Marigene Kowalski, preserving her memories of family and friends in new book “Airport Socks”
Marigene Kowalski (nee La Sala) had been collecting anecdotes and short stories about family members for 10 years. She successfully put them all together in an enjoyable, nostalgic, often amusing collection called “Airport Socks”, an idea that came to her as a way to preserve memories of family and friends, especially for her grandson, Nicholas, the next generation. She lives in New Jersey with her husband, Gene.
Email address: [email protected]
Facebook: Marigene Kowalski (Marigene La Sala Kowalski) - https://www.facebook.com/marigene.kowalski
Facebook: Airport Socks, Book https://www.facebook.com/profile.php?id=100086219807796
Here are the links to purchase the book:
Airport Socks at Amazon
Airport Socks at Amazon Short Link
Airport Socks at Barnes & Noble
Airport Socks at Barnes & Noble Short Link
Airport Socks at Target
Airport Socks at Target Short Link
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Sharman Nittoli: 0:12
Welcome to the Live Your Bloom podcast, where I interview people involved with their ongoing journey to blooming and fulfillment. This week I have an unusual guest, Marigene Kowalski. And she has been enjoying writing poems and short stories since grade school. She wrote a book of short stories about her family history. It's a beautiful collection. I had a lot of fun reading it and related to a lot of the stories. It is called "Airport Socks." And that title actually, well, you know what? I'm not going to tell you the title. She's going to tell you about the title. Marigene lives in New Jersey with her husband, Gene, whom I believe was a great supporter of the book. Welcome, Marigene.
Marigene Kowalski: 0:59
Thank you. Thank you for having me.
Sharman Nittoli: 1:01
Oh, my pleasure. I would really love for my listeners to hear the story about what motivated you to write this book, how it came to be, how long it took to complete, and where you got the title from.
Marigene Kowalski: 1:13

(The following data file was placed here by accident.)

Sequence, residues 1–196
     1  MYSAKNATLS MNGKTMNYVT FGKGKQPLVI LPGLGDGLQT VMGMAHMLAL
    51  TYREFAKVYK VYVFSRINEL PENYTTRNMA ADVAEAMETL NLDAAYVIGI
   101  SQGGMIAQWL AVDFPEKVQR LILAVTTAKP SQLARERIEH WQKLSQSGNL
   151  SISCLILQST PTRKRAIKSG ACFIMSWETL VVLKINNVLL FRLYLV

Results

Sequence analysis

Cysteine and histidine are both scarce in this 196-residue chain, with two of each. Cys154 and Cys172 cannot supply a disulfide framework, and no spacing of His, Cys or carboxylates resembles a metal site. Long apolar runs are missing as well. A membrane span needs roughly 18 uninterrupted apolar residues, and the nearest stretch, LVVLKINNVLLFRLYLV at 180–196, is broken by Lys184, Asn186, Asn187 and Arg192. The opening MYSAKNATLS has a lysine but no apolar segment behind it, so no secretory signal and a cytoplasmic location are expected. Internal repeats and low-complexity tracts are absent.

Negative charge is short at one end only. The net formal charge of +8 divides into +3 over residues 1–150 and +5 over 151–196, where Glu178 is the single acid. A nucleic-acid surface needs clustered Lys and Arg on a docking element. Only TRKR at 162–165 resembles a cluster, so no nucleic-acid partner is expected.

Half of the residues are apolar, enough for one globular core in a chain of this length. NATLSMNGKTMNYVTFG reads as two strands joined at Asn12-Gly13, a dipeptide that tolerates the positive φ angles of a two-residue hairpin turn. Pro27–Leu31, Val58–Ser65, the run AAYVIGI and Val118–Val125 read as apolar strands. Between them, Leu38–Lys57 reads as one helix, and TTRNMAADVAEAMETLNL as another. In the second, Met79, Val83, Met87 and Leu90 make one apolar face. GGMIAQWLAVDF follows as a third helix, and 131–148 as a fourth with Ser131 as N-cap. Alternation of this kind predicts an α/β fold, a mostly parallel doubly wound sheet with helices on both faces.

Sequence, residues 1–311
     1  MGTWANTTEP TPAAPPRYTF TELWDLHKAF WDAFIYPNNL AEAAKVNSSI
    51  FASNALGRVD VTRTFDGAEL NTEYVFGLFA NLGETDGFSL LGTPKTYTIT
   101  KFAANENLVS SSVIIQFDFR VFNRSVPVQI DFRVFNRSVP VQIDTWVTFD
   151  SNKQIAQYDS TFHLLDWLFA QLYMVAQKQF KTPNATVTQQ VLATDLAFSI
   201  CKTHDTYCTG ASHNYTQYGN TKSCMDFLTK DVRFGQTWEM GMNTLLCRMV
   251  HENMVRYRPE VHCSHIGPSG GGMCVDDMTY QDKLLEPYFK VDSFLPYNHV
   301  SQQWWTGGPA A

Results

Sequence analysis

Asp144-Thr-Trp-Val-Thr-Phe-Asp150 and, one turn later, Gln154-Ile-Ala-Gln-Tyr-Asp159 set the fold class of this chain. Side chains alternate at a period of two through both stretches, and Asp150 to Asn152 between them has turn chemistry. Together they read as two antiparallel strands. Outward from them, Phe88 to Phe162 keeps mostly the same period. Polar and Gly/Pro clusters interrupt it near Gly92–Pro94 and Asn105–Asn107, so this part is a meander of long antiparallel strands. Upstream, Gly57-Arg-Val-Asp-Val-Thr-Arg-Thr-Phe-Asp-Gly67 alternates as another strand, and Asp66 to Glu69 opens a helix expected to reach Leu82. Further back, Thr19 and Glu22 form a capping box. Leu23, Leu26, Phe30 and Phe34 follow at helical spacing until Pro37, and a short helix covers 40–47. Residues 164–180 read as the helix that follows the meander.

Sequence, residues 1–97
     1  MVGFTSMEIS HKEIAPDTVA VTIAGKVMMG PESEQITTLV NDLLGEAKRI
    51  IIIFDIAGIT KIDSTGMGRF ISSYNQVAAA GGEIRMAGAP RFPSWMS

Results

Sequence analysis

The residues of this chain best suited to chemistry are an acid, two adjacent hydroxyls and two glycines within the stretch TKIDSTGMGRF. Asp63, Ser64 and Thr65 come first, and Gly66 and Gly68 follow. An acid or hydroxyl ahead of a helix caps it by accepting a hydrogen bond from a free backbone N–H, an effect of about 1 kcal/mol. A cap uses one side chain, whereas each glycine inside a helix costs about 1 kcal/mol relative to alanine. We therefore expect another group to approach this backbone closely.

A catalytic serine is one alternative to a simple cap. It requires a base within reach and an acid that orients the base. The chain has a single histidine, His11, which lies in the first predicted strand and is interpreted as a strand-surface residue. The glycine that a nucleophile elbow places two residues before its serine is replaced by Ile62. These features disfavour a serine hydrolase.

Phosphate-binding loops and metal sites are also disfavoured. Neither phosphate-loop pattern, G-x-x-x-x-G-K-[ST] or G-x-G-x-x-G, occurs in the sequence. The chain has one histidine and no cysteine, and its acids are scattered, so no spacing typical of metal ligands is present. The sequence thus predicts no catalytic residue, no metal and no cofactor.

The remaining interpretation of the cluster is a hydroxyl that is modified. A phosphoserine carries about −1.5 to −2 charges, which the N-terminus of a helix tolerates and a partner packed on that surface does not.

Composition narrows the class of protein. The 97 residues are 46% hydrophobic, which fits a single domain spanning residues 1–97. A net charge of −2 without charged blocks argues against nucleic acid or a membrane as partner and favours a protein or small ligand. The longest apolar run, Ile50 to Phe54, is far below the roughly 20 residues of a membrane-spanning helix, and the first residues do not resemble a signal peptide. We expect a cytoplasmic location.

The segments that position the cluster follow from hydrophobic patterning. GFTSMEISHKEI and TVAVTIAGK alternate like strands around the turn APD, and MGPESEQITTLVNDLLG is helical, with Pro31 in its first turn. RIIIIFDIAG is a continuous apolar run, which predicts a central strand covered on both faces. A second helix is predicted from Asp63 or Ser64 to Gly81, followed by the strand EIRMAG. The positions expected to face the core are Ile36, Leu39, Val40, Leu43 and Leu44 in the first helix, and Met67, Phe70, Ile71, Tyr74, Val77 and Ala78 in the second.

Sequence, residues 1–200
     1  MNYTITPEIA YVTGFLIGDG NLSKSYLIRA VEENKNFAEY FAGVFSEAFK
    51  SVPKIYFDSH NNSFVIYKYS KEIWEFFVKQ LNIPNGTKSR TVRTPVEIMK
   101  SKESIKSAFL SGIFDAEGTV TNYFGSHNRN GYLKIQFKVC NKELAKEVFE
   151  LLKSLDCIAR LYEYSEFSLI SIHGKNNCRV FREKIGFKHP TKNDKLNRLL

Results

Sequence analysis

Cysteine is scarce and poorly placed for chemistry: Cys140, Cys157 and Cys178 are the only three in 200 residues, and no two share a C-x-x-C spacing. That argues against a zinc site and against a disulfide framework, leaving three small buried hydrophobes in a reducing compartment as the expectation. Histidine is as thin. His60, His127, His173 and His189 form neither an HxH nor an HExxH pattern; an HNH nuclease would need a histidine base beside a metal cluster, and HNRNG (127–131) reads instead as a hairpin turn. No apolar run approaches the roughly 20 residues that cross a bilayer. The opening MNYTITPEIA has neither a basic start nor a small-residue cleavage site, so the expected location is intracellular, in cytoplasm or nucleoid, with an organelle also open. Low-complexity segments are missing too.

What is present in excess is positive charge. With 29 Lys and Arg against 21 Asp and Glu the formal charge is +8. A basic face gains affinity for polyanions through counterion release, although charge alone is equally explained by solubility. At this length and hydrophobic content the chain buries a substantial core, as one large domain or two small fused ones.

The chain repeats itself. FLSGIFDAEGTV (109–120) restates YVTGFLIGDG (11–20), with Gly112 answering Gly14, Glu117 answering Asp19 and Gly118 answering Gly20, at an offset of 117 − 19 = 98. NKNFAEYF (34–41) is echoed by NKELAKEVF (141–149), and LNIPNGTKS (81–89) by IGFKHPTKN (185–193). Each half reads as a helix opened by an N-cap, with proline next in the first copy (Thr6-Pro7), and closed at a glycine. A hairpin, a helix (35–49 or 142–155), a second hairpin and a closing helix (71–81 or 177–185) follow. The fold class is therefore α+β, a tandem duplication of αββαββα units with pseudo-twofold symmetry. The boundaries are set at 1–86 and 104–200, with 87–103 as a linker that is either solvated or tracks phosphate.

This may be in the Guinness Book of Records for the longest collection of stories. It's been at least 10 years. What I would do is compose little stories about people, or friends, or family, and just kind of tuck them away in a file. And one day I said, you know, especially since my grandson was born, I said, "This is a great opportunity for me to see if I can publish this. Not only for him, but for anyone." So, I started doing that, especially for him. The origin of the book title, "Airport Socks," comes from when my daughter wanted to borrow a carry-on bag from me. So I lend it to her, and then she's looking through the things in it, and there's a pair of athletic socks. Okay, why would she have them? It turns out, when she was in her flip flops at the TSA check in the New Jersey airport, she realized why there were socks in there.
Sharman Nittoli: 2:08
Marigene Kowalski: 2:09
"I had to take off my flip flops and walk barefoot. Thanks, mom."
Sharman Nittoli: 2:15
Because it's a very unusual title and it brings you into the book, the tone of the book, the feeling of the book. I know, I had marked so many of my favorite passages, but perhaps you could just tell one, which was about how your grandmother and grandfather met?
Marigene Kowalski: 2:31
That's an interesting story. They were in Italy, and actually my grandmother's family did not think he was the nicest person in the world, but they were in love. So they decided when they were over here then, they were in America. And he got the bright idea to elope. I found this out on a computer story. Okay, so he sent her a note. Her cousin was supposed to be keeping an eye on her, so she didn't fly off, you know, fly off the coop with him. So anyway, she met him at town hall and they were married. Brought a couple of friends. But the thing is that after they left and were married, the Justice of the Peace found a note on the floor that my grandfather had sent to her, "Just sneak out and meet me." So 10 children later?
Sharman Nittoli: 3:18
Marigene Kowalski: 3:19
That was the LaSala family.
Sharman Nittoli: 3:21